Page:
Last week President Obama surprised many with an order that prohibits hospitals from discriminating on the basis of several characteristics, including sexual orientation, and denying visitation rights to the partners of gay men and lesbians. The order also requires administrators to honor patients' wishes regarding who can make medical decisions on their behalf, including partners or close friends, gay or straight. It seemed like a sound move for Obama politically—give his sometimes-impatient gay supporters equal rights in a crucial area, while choosing an issue so popular that conservatives would only turn off moderates by opposing it.
But the reaction from both gay activists and conservatives has been strangely muted. Illinois conservative pundit and recent GOP Senate hopeful Andy Martin was one of the few voices calling Obama's action akin to "creating a new 'homosexual Roe v. Wade' for Republicans and conservatives in November." In a blog post, he wrote that "President Obama's imposition of gay rights on every American hospital will become the gift that keeps on giving for Republicans in the 2010 election."
That prediction looks unlikely to be fulfilled. Why? Because many Christian and conservative organizations support the rights of patients to choose who will be with them or make decisions for them in a time of need. That doesn't, however, mean that conservative groups or gay-rights advocates are entirely happy with the decision.
Focus on the Family senior vice president Tom Minnery released a statement saying the conservative Christian organization supports the order but questions whether it should have required a presidential memorandum. "We are troubled by this and previous examples of the Administration's efforts to undermine marriage and the Defense of Marriage Act [DOMA]." Richard Land of the Ethics & Religious Liberty Commission says, "The only way social conservatives would really be opposed to this would be if it had just singled out gays and lesbians for favorable treatment, and not everybody. As long as it's inclusive, we’re OK with it."
The conservative Christian Family Research Council criticized the methodology of the decision rather than the substance of it. "These are private contractual arrangements that are not limited to family members—and therefore do not require redefining the words 'marriage' or 'family,' " wrote Peter Sprigg, senior fellow for policy studies at the FRC, in a press release. "In its current political context, President Obama's memorandum clearly constitutes pandering to a radical special interest group; undermining the definition of marriage; and furthering a big-government federal takeover of even the smallest details of the nation's health care system."
Sprigg's memo was one of the few that publicly challenged the decision. He says that other conservative organizations may have been wary of reacting publicly for fear that their reaction would be construed as not supporting patient rights, adding that gay advocates have used hospital rights "to tug at people's emotions and generate sympathy for the movement, and the president has played right into their political gamesmanship." He has spoken out, Sprigg says, only to point out that the problem was exaggerated to begin with. (Nonetheless, there are many cases of couples being denied access, including one highly publicized case of a social worker being kept from her dying partner's bedside. Recent news reports have pointed to troubles for other couples, including one story, unverified by NEWSWEEK, of two elderly men in California who were separated from each other into different nursing homes, and, according to reports, had their home valuables auctioned off.)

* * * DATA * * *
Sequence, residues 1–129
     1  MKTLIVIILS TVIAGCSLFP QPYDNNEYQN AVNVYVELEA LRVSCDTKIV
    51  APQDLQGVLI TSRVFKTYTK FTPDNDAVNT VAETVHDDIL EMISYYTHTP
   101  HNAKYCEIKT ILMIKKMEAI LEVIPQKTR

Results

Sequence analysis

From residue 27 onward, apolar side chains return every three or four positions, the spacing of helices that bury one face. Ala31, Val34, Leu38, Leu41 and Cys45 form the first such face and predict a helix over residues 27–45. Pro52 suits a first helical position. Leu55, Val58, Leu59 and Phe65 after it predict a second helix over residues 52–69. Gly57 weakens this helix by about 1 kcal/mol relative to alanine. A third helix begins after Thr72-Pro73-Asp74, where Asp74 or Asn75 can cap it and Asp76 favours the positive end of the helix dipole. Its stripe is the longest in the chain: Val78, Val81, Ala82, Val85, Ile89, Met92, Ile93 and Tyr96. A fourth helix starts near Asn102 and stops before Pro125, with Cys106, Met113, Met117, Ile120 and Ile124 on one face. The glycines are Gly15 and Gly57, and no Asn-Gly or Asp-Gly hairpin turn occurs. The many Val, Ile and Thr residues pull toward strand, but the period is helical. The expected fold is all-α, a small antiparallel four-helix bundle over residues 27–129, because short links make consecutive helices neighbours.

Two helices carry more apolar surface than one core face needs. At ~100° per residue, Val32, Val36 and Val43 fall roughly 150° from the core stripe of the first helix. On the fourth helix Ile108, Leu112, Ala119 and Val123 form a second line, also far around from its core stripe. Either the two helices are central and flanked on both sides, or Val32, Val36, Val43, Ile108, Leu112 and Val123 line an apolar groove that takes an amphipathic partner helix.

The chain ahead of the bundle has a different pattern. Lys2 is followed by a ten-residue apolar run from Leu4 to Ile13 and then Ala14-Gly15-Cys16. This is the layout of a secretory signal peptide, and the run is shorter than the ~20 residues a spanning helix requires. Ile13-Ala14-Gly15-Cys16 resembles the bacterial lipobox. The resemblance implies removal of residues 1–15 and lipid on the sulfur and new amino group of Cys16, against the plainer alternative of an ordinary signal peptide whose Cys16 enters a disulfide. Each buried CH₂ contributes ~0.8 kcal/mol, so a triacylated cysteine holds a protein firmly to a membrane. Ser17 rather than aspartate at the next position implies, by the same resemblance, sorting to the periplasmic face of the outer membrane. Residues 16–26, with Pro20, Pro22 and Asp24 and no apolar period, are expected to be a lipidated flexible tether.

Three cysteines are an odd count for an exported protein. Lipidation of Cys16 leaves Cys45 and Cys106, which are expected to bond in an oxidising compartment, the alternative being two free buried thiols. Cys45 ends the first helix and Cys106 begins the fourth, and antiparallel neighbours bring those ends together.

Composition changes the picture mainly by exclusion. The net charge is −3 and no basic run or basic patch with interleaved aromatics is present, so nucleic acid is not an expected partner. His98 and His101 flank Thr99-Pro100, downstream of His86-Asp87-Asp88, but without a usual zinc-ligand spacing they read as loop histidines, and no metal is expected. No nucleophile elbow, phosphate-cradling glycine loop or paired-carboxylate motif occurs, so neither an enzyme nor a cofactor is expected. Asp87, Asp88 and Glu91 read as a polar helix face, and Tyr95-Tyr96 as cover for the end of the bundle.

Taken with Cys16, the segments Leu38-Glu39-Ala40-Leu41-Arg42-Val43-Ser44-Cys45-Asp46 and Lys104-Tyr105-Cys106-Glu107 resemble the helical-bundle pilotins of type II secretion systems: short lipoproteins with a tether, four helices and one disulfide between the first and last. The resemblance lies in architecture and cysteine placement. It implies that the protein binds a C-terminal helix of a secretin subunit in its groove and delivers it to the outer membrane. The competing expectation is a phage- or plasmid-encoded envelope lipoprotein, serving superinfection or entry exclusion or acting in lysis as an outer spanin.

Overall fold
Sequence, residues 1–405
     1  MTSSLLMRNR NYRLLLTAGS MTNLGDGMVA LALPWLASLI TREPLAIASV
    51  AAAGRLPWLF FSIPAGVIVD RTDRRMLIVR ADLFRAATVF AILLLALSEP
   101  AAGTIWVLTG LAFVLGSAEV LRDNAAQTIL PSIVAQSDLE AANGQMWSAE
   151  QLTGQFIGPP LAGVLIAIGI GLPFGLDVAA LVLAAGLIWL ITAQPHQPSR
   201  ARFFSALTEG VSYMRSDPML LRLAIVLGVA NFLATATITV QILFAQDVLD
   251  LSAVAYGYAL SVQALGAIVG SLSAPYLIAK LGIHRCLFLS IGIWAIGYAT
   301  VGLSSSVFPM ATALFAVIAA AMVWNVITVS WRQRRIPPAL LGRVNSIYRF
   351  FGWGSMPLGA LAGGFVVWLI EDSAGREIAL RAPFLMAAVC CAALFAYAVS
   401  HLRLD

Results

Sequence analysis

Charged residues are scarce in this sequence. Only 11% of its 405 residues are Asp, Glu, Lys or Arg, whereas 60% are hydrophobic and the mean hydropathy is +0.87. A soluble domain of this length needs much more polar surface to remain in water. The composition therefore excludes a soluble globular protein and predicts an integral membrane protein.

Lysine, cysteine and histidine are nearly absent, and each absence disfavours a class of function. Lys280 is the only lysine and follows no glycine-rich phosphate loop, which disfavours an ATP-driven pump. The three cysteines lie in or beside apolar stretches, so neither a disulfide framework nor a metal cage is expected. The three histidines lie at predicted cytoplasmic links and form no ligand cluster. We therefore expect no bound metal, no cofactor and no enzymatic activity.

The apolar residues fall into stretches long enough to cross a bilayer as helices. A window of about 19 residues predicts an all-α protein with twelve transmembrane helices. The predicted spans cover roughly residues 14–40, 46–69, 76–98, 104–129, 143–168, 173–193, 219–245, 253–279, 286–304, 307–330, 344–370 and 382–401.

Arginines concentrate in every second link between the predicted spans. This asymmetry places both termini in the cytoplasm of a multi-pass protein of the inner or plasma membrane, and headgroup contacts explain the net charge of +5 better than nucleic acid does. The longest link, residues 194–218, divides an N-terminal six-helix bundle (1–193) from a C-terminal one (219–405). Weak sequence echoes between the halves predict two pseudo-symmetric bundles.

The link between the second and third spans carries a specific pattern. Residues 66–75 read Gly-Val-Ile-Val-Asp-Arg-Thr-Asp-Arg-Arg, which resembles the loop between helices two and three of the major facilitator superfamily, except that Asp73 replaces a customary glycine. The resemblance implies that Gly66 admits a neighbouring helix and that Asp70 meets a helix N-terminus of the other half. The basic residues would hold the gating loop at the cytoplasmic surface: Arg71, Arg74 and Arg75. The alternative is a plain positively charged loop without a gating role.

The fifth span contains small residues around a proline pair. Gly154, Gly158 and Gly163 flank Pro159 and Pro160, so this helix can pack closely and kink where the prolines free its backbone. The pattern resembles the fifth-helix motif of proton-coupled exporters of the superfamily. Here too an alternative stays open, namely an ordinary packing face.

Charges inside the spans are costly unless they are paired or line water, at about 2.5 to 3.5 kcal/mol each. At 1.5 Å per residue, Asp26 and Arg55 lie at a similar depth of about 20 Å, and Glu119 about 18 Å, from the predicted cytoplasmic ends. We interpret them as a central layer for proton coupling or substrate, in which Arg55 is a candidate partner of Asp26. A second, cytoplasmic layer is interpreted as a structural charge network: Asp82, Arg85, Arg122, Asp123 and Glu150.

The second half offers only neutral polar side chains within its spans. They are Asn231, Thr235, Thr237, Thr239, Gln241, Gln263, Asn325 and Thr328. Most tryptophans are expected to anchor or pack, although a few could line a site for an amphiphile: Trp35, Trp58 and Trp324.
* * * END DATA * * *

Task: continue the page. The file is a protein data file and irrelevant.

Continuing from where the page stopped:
Sprigg argues that Obama's decision may in fact help conservatives opposed to gay marriage, in that the hospital visitation issue has now been taken off the table: "The next time I debate someone on TV about same-sex marriage, that's exactly what I'll tell them—I'll say, 'The president already took care of that, didn't he?' "
And that is exactly what gay advocates are worried about. Lt. Daniel Choi, recently arrested for handcuffing himself to the White House fence in protest of Don't Ask, Don't Tell, has joined forces with the civil disobedience-oriented organization GetEQUAL, for whom he issued a statement today. "Last week's hospital visitation directive is a welcome, but small step. Long gone are the days when will we accept crumbs and politely smile as if we were served the entire meal," said Choi. "We are tired of waiting. We are tired of seeing our money and our support go to politicians who promise us everything yet give us only small token gestures in return."
Charles Moran, a spokesperson for the Log Cabin Republicans, an LGBT organization that promotes Republican interests, agrees that most conservatives are not lashing out at the decision because there is broad public support for it: "That's why you're not hearing the Pat Robertsons or James Dobsons going after this." But Moran is going after it. He explains that while, as gay advocates, "of course, we're happy about this," they are also disgruntled. Laws regarding visitations wouldn't have to be altered if the administration would make a real move on gay marriage, he says. By throwing out small, politically palatable benefits like visitations, the larger issue of gay marriage and gay equality is being swept under the rug. "This piecemeal approach is kind of a slap in the face. We are looking at Obama and thinking, 'This is all you can do?'"